Tips and strategies for buying and selling a veterinary practice - Veterinary Economics
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Buying and Selling
Source: CUSTOM VETERINARY MEDIA

The no-lo practice: Avoiding a practice worth less (Sponsored by AVPMCA)

January 1, 2008

Owners are devastated when they learn their practices are worth only a fraction of what they anticipated as they approach reitrement and contemplate a sale. But if you can understand why this occurs and identify if your practice is at risk, you can begin the process of recapturing this lost value for your practice.

Source: VETERINARY ECONOMICS

The new generation of low-value practices

November 1, 2007

Owners, make sure buyers purchase your practices at a good price.

Source: VETERINARY ECONOMICS

Checklist for a buy-sell agreement

September 7, 2007

A printable PDF of the answers you need before buying into or selling a part of a veterinary practice.

Source: VETERINARY ECONOMICS

Don't get knocked out by a buy-in

September 1, 2007

These tips will help you duck common legal, financial, and communication oversights and keep you off the ropes during your transition to ownership.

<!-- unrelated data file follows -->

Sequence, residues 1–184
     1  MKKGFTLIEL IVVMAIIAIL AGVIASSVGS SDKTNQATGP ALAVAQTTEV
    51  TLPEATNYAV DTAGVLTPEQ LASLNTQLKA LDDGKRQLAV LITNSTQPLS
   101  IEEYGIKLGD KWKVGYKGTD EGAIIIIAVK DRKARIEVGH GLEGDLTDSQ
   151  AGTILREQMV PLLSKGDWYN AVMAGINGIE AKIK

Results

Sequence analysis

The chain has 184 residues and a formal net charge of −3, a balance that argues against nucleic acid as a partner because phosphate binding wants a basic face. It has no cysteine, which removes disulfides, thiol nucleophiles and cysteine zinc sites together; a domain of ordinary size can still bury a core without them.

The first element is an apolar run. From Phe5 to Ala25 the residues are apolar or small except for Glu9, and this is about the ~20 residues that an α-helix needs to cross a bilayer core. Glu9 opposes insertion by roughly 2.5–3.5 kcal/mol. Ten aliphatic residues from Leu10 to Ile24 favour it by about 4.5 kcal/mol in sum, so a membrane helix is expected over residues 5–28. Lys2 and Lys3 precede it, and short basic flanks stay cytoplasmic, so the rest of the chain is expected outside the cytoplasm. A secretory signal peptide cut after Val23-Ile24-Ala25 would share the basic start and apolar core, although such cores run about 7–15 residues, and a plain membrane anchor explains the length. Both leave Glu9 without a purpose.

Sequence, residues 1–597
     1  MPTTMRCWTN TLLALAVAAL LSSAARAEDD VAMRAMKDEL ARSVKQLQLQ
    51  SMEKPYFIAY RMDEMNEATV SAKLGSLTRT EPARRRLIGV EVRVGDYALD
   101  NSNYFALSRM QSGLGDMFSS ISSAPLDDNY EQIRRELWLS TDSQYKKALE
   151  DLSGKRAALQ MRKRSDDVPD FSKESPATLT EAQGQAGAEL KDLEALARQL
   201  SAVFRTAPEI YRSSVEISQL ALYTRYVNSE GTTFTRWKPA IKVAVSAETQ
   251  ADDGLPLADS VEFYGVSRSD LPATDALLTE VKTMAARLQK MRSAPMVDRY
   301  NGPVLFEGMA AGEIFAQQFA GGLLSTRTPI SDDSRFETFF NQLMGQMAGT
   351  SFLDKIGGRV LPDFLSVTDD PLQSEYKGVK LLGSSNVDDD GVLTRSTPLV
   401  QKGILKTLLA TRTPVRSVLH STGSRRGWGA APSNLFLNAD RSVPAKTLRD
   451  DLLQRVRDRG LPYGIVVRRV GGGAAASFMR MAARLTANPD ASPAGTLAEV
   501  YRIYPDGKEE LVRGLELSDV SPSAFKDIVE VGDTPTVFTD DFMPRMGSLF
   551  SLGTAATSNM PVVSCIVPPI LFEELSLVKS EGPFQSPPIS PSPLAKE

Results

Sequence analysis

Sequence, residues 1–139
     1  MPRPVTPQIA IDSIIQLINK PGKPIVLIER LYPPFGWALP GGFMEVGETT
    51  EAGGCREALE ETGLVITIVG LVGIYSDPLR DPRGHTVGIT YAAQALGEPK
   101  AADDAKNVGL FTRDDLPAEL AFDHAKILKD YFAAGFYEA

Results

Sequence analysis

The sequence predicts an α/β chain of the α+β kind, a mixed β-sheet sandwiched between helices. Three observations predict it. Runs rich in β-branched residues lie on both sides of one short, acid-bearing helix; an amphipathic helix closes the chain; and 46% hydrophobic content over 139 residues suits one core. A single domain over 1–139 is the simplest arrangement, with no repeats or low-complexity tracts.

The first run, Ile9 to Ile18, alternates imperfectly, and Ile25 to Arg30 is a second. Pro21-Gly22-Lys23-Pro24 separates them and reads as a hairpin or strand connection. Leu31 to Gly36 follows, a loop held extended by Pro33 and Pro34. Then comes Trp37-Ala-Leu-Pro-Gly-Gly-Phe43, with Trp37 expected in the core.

Source: VETERINARY ECONOMICS

Got collateral?

May 1, 2007

It pays to think through your options when you're borrowing.

Sellers and buyers: You both need to prepare

August 1, 2006

Owners, you want to retire someday without worries and leave that business you built up in good hands. Associates, you want a good value for the money. These seminars help you both find the right path to a sale.

Source: VETERINARY ECONOMICS

To sell or not to sell

August 1, 2006

Maintaining a retail area requires time, effort, and most of all, space. Is the investment worthwhile?

Source: VETERINARY ECONOMICS

Find the right exit

June 1, 2006

Consider these five roads out of practice, and start planning your journey now.

Source: VETERINARY ECONOMICS

Your practice may be worth less than you think

May 1, 2006

Too often practitioners who thought they were on the doorstep of retirement are finding they need to work three to five years longer than they thought—or even more. The problem: When they have the practice valued, they find a gap between the retirement they envision and what they can actually afford.

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